She is a guest here, because , despite challenges, she made it go right and
established her studio and business and a producing artist now.
She uses traditional and modern methods to do her job. And she is located in Gainesville, Florida.
I’m going to let her tell her story. Very inspiring!
But before I go, you know how Grant Cardone says “Success is your duty, obligation and your responsibility”.
I think Leslie is a living example of that. And thank you so much Leslie, for sharing your story with the world.
Q: Why did you decide to have your own business (as opposed to getting a job somewhere).
I’d come out of art school around the time the economy was failing and there seemed to be zero well paid creative jobs in my field. After picking up some different jobs and working for minimal pay in fields I wasn’t passionate about, I decided it was time to get serious about selling my artwork.
Q: Did you have any worries at first? And how did you overcome them?
I was mostly worried I would be rejected. That no one would appreciate my skills. I got through my anxiety by making lists of tasks to complete by certain dates, and then treating them like homework assignments. I put aside time every couple days to get something crossed off the list.
Q: What were the first five actions you took to get started?
1-I signed up for every cheap or free tutorial, blog series, or workshop on owning a business. I had a whole slew of creative and technical skills to make beautiful art, but knew very little about how to sell that art. These tutorials would cover topics like pricing my work, budgeting for costs, negotiating contracts, utilizing social media and more.
2-I budgeted time to work on my business. I chose to wake up an hour earlier to work on my website before work, or dedicate 5 hours of my Saturday to being in the studio, methodically practicing new techniques. Basically, I had to prioritize my time, and make sure I was showing up and putting in the hours even when I was tired or would rather be fishing.
3-I found ways of surrounding myself with folks doing similar things. It really helped to know other people were in the same boat as me. We shared tips on getting started, but we also drank coffee and complained about how broke we were. It was just what I needed.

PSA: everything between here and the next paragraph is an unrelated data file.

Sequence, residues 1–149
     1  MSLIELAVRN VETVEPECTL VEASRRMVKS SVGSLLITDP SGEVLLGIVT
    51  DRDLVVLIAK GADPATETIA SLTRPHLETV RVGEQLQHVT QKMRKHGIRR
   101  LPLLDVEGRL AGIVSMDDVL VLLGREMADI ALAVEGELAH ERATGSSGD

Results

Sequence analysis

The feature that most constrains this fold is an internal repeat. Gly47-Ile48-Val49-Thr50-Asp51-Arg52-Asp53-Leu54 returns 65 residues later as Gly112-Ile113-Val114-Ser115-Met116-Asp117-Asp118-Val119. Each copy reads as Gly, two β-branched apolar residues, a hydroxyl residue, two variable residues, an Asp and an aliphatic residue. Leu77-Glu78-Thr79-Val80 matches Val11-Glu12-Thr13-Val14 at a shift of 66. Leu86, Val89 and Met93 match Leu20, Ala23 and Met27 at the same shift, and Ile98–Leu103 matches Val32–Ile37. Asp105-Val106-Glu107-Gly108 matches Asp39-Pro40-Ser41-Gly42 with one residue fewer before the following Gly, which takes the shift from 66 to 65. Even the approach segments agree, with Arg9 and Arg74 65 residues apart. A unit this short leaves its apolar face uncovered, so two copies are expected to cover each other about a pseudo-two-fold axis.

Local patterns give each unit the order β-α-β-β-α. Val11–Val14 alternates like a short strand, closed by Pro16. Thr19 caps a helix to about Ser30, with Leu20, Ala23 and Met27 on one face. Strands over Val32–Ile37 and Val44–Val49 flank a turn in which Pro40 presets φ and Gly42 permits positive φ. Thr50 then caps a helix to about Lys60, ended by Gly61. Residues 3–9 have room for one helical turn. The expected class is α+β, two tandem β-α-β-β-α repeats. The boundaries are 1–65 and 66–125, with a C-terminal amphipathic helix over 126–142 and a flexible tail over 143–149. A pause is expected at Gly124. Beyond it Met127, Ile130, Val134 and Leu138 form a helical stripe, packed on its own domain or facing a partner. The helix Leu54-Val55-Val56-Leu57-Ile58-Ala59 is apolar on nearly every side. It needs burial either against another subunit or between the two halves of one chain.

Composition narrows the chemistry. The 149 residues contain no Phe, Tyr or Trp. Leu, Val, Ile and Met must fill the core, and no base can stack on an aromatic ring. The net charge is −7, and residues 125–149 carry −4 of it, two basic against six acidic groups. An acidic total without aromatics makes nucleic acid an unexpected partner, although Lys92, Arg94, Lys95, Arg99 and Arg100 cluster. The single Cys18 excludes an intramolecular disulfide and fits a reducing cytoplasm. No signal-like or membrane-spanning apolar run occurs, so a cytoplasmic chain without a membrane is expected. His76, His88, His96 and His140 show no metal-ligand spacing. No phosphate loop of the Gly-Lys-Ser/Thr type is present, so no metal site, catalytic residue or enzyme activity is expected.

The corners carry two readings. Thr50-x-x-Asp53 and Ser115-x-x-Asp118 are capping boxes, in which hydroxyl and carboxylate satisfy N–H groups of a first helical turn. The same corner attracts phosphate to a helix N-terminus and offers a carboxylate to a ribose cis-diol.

4-I started saving money to buy tools. $40 for a grinder one month. The next month I could afford a $50 vice. I didn’t have much extra income at the time so this was tough, but bit by bit I started building my shop.
5-I made time and space to make my art. It was really hard to learn all the business stuff, work a bunch of jobs, and still be creative and make art. I started clocking my hours, and proving to myself that if I just showed up to do the work than inevitably the work would get done.
Q: Did you come across with challenges and doubt yourself (thinking “what am I doing?” )
All the time! I’m really stubborn though, so I’m used to just gritting my teeth and going for it. It helped to know other people who were at the same stage as me, trying to create their own art business , having the same issues (we even got to complain together) and also searching for mentors.
I organized a group of artists in town and we would meet and hold meeting in each others’ studios. This group helped me meet people who were finding success in creative fields, and they would help me sort out problems I was having.
Q: Did you invest a lot of money?
I started small by buying power tools at local pawn shops. Probably $50 a month for the first 6 months. I was able to acquire basic shop tools that way, which included a drill, grinder, safety gear, and some other handy tools. After about 6 months I began investing in “big ticket items” like a , forge, anvil, and oxy/acetylene set up. Those each cost anywhere from $300-$600. With those items I could operate a modest blacksmithing business and would only have to come up with the cash for coal and gas to burn. It wasn’t until I got my first big sculpture commission that I bought a nice welder, which cost me $1400. Over the next couple years I spent nearly everything I made on buying large tools for the shop, a power hammer, plasma cutter, all the big investments that could in the long run would increase my efficiency and make me money. It took several years to have a shop that wasn’t always in need of something, but I was able to get there without having a dime to my name when I began.
Q: How do you see the future of your business?
Interest in my artwork and custom metalworking has increased and I hope to move into a larger metal studio in a couple years and possibly bring in some help, as I typically make large public art sculptures or large custom metal projects.
Part of my original business model was to incorporate teaching into my practice. I love teaching and it was so difficult for me to find someone to learn from in Florida when I caught the blacksmithing bug, so it always seemed like a great idea to offer blacksmithing classes. I’ve been teaching in my studio for about 5 years, but interest has really picked up lately and I’m working to expand that endeavor into a blacksmithing school, under the name of Leslie Tharp Designs that offers both short terms and long term learning opportunities that focus on the art of blacksmithing.
Q: Do you have any advice for people who want to start a business?
Be willing to learn and adapt as you go and take every opportunity you can to refine the way you run your business. Enjoy the ride! It’s a wild one, but it’s so worth it!
Lift – photo by Historia Photography